Q: How do you find the solution to system of equations?

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there is no linear equations that has no solution every problem has a solution

A system of equations may have any amount of solutions. If the equations are linear, the system will have either no solution, one solution, or an infinite number of solutions. If the equations are linear AND there are as many equations as variables, AND they are independent, the system will have exactly one solution.

Put the values that you find (as the solution) back into one (or more) of the original equations and evaluate them. If they remain true then the solution checks out. If one equation does not contain all the variables involved in the system, you may have to repeat with another of the original equations.

You find a solution set. Depending on whether the equations are linear or otherwise, consistent or not, the solution set may consist of none, one, several or infinitely many possible solutions to the system.

The solution is the coordinates of the point where the graphs of the equations intersect.

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there is no linear equations that has no solution every problem has a solution

yes

A system of equations with exactly one solution intersects at a singular point, and none of the equations in the system (if lines) are parallel.

A system of equations may have any amount of solutions. If the equations are linear, the system will have either no solution, one solution, or an infinite number of solutions. If the equations are linear AND there are as many equations as variables, AND they are independent, the system will have exactly one solution.

Put the values that you find (as the solution) back into one (or more) of the original equations and evaluate them. If they remain true then the solution checks out. If one equation does not contain all the variables involved in the system, you may have to repeat with another of the original equations.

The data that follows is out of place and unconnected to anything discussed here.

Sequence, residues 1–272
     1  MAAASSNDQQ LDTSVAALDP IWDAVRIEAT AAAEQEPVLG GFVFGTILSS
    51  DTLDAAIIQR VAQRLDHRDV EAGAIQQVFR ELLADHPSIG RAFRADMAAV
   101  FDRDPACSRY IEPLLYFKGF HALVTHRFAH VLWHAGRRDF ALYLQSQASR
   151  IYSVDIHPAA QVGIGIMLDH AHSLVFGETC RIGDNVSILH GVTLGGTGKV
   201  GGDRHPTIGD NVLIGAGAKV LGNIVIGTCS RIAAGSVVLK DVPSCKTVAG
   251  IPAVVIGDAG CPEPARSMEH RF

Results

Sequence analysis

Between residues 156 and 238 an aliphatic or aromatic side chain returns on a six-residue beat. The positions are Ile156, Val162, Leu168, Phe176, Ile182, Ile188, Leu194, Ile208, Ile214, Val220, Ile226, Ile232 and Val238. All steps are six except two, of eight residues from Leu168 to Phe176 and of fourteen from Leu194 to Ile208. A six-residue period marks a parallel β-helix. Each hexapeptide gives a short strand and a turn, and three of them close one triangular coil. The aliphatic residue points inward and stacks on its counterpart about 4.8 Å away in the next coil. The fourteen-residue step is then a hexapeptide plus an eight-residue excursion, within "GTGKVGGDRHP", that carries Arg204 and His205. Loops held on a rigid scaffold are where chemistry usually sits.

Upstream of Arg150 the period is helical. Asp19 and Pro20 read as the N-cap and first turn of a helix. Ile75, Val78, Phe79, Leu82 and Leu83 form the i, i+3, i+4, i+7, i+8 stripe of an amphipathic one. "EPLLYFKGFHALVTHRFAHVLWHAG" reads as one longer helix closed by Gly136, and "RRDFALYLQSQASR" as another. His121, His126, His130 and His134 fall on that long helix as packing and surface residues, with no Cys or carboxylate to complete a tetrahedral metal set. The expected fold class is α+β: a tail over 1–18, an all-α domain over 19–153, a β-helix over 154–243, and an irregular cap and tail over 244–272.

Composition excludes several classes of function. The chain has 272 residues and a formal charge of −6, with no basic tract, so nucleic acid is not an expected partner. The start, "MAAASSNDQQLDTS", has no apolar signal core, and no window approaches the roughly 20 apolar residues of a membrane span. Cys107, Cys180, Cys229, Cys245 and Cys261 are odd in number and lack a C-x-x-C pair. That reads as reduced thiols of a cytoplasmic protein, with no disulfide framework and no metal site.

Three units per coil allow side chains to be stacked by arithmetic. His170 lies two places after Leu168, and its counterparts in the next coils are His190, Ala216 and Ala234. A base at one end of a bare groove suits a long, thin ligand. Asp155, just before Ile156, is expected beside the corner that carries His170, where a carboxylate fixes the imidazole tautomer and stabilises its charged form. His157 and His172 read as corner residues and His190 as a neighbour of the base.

The solution of a system of linear equations is a pair of values that make both of the equations true.

You find a solution set. Depending on whether the equations are linear or otherwise, consistent or not, the solution set may consist of none, one, several or infinitely many possible solutions to the system.

A system of equations will have no solutions if the line they represent are parallel. Remember that the solution of a system of equations is physically represented by the intersection point of the two lines. If the lines don't intersect (parallel) then there can be no solution.

Solving a system of equations by graphing involves plotting the equations on the same coordinate plane and finding the point(s) where the graphs intersect, which represents the solution(s) to the system. Each equation corresponds to a line on the graph, and the intersection point(s) are where the x and y values satisfy both equations simultaneously. This method is visually intuitive but may not always provide precise solutions, especially when dealing with non-linear equations or when the intersection point is not easily identifiable due to the scale or nature of the graphs.

Unless otherwise stated, the "AND" case is normally assumed, i.e., you have to find a solution that satisfies ALL equations.

The solution of a system of equations corresponds to the point where the graphs of the equations intersect. If the equations have one unique point of intersection, that point represents the solution of the system. If the graphs are parallel and do not intersect, the system has no solution. If the graphs overlap and coincide, the system has infinitely many solutions.

No because there are no equations there to choose from.